Primate electrophysiology and decoding of eye-movement planning

Eye movement brain-computer interface (BCI)

This project is focused on developing the first eye movement brain-computer interface (BCI) by using a novel hardware configuration and software interface that rely on neural activity from the monkey eye movement system.

Our BCI decodes intended eye movement direction from the neural activities recorded from three 32-channel planar electrode arrays that were permanently implanted in the supplementary eye field (SEF), frontal eye field (FEF), and prefrontal cortex (PFC) of a non-human primate. Currently, we are able to anticipate the monkey’s actual eye movements by predicting the intended saccades to spatial locations on a computer screen. In other words; we are able to successfully produce “virtual eye movements” to targets on a computer screen.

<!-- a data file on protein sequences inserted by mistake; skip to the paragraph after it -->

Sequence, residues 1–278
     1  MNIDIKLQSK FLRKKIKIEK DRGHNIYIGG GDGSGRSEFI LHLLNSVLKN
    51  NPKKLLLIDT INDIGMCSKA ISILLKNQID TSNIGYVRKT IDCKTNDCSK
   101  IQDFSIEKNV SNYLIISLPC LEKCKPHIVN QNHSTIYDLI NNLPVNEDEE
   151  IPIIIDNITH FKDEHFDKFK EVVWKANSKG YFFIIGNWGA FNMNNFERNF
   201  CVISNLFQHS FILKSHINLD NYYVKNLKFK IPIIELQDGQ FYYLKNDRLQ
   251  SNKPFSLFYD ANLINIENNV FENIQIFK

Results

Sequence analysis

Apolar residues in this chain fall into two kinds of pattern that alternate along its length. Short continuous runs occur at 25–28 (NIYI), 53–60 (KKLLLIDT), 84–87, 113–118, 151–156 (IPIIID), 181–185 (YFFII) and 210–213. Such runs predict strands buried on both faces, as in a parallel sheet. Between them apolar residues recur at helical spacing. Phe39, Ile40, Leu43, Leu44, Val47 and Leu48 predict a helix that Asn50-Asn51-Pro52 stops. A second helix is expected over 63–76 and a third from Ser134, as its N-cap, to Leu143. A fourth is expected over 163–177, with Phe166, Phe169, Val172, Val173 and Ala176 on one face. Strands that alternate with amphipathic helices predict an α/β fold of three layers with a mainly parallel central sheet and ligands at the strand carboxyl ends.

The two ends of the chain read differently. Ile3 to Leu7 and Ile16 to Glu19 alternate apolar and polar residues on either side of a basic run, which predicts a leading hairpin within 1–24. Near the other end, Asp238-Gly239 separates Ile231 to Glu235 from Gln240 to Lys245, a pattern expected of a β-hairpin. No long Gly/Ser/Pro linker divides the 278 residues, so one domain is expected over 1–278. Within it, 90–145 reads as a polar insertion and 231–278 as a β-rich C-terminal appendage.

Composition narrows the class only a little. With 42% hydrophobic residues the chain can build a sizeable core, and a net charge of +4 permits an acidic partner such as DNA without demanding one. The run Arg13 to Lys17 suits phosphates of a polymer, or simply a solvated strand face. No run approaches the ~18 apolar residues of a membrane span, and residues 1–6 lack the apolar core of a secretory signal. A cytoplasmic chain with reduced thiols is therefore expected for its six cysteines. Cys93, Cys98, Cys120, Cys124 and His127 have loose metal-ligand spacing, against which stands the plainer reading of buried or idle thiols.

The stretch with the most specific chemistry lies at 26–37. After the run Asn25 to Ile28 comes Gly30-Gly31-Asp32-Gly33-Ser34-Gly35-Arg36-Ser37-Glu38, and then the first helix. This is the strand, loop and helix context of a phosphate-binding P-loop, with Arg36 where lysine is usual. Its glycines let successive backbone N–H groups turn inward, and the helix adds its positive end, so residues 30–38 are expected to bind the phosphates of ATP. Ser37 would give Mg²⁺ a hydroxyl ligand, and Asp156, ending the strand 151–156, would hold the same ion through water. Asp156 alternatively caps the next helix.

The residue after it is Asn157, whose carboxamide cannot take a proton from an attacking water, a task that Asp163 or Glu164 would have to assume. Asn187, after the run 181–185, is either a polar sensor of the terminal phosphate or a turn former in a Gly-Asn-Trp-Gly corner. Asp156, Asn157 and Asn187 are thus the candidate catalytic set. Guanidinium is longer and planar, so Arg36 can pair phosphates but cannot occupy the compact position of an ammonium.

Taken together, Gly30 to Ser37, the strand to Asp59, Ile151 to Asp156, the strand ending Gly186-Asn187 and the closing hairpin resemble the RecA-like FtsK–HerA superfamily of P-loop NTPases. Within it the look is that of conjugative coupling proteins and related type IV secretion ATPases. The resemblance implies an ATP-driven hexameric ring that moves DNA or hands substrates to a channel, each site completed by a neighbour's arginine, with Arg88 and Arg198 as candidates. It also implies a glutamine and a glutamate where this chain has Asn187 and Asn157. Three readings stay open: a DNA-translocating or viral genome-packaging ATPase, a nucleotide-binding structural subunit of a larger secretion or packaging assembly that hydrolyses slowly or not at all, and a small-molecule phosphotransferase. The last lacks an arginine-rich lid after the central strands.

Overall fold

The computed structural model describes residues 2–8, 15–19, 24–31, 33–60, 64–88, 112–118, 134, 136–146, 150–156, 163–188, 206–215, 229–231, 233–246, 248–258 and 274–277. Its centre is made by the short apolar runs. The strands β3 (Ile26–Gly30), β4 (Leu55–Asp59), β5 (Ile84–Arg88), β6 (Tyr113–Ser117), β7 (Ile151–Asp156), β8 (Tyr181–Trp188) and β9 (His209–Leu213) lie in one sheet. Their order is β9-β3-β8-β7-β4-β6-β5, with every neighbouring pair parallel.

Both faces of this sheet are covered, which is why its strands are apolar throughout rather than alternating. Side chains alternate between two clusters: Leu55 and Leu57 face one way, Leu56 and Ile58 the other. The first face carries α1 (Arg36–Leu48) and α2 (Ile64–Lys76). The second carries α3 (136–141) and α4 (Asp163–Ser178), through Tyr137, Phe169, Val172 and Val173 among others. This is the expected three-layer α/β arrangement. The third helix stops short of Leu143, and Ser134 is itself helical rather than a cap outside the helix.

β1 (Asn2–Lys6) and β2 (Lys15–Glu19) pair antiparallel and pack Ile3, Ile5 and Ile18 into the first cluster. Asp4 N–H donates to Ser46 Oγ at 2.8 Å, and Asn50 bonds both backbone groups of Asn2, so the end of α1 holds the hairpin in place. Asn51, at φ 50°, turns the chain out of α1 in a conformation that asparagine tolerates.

The next steps in this project are:

  • To promote more learnability of the decoder by investigating the effects of providing richer feedback to the monkey by means of an enhanced feedback paradigm (based on an analog representation of the decoded saccade direction; opposite to the current discrete target representation) and a continuous feedback paradigm (in which the decoded target will be displayed continuously throughout the delay period; based on a real-time decoder.)
  • Address compatibility with the Unlock Project software framework by implementing a task that more closely mimics the “up, down, left, right” control scheme used in the Unlock Project BMI.

The full compatibility of the eye movement BMI with the Unlock Project software will provide a faster, more accurate option to our current EEG-based system for locked-in patients who are willing to undergo neurosurgery for implantation.

Main personnel Misha Panko, Scott Brincatt (MIT), Nan Jia Funding:
Collaborators Earl Miller (MIT), Frank Guenther, Jon Brumberg CELEST: Developing new microelectrodes and analysis techniques for use in Brain Machine Interface applications